How do you respond to the interview question, "What is your greatest weakness?"

Discussion in 'Philosophy' started by usmbguest5318, Jan 10, 2018.

  1. toobfreak
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    toobfreak Gold Member

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    Yep, those are the officially prescribed cookie cutter answers. Greatest weakness? I'm too thorough. I come in early and stay late working free to do a better job. I took a pay cut to save the company money. . . . It all sounds good and goes over well with HR staff looking for good conformers and interview game-players who know how to get in under the radar. The question is always: What will these people REALLY be like as employees after they are hired? A company's greatest successes come from the Innovators who know how to solve problems by thinking outside the box; how unfortunate that showing innovation or free thinking during a hiring interview will likely never get you even hired as you try to get past the dullards charged with interviewing to actually get to the people who would recognize and appreciate your creative skills.

    The problem in America today is that current corporate thinking is that all of the "bright minds" with the good ideas are all at the home central office being paid 6 figures and they always think they know what's best as they go out on their extended lunches being overpaid and dictate company policy to the other 99% of the company whom they expect to follow blindly without question like so many automatons with no brains. If you are out in the "work force," they don't want to hear from you, you couldn't possibly have any worthwhile input; just shut up and do your job and don't ask questions or you will be bumped. Is it any wonder America struggles in many ways to keep up with the rest of the world------ 80% of our brightest minds and best ideas are never even used.
     
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    Last edited: Jan 11, 2018
  2. Unkotare
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    Unkotare Diamond Member

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    It is one of the most common interview questions of all.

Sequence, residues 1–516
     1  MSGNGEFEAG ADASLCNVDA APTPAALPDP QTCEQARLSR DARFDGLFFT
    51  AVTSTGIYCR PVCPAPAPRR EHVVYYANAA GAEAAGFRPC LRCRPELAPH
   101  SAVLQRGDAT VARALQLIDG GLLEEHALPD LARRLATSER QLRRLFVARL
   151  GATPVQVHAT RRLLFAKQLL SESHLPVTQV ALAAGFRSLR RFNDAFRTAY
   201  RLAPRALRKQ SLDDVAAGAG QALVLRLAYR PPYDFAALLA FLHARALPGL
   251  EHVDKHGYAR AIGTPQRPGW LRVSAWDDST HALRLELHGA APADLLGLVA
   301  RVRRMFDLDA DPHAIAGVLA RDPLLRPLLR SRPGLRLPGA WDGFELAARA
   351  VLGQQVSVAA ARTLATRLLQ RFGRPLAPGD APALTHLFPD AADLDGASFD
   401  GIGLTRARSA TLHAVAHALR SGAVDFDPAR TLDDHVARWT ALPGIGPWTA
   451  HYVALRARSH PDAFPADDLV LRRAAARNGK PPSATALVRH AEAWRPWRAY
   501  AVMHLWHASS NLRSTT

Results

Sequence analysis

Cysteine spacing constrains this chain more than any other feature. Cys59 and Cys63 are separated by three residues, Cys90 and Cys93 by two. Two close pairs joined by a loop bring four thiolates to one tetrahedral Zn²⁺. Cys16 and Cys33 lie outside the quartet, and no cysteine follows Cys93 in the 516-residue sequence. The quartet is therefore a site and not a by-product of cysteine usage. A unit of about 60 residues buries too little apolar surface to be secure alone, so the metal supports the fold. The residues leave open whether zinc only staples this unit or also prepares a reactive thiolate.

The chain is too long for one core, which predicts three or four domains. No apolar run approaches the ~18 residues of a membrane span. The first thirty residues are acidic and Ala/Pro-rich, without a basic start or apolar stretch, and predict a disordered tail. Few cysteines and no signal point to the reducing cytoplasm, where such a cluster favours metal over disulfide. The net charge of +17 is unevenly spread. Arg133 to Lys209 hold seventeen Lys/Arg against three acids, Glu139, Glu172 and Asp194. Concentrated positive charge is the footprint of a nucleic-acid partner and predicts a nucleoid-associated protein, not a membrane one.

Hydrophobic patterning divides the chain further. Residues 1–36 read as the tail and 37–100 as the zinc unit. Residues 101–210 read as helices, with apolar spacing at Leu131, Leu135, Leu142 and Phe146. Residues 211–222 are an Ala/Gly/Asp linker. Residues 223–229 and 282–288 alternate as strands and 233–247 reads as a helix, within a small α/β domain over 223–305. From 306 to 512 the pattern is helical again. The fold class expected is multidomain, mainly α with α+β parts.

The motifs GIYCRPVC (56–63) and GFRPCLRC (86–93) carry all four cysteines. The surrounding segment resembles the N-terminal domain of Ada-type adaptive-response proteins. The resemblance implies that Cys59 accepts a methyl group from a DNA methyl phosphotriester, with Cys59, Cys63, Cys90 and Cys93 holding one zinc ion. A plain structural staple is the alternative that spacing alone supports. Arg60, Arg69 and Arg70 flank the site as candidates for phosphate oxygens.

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  3. OldLady
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    OldLady Diamond Member

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    Is that the same as gas?
     
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  4. Indeependent
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    Indeependent Platinum Member Gold Supporting Member Supporting Member

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    More like being an arrogant ass.
    A firm that assigns a phone interview that isn’t an appropriate phone interview, someone is derailing something.
     
  5. rightwinger
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    rightwinger Award Winning USMB Paid Messageboard Poster Gold Supporting Member Supporting Member

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    My greatest weakness?

    I just work too hard. My old supervisor would drive by the office at 2:30 in the morning and see me still at my desk. He would have to drag me out and send me home. I refused to take weekends and holidays off because there was too much work to do. I don't know my kids names and think they play some kind of sport. I missed my mothers funeral last year because it took place during the work day. I never take sick days and once fixed my own broken arm while sitting at my desk, I work through lunch and consider multitasking my greatest skill
     
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  6. OldLady
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    OldLady Diamond Member

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    I have an entirely different spin on this whole situation, being an emotionally sensitive type.

    When you apply for a job, it is about the most vulnerable that a person can be. The power is all with the prospective employer. You get all gussied up and go to sit before a total stranger to be judged on one of the most important aspects of your life--knowledge, experience and the ability to do a job well. You are going, hat in hand, begging for work. As far as a power imbalance, it's about as close to the helplessness of being sold into slavery as most of us will ever come. It is all up to the decision of the prospective employer.

    In this case, the guy is peremptorily rejected by the man with the power, who is sitting by a pool in the Bahamas, because he honestly answered a question. And the man at poolside not only crushed the guy beneath his heel, he continued with a vituperative rant about just what a moron he was: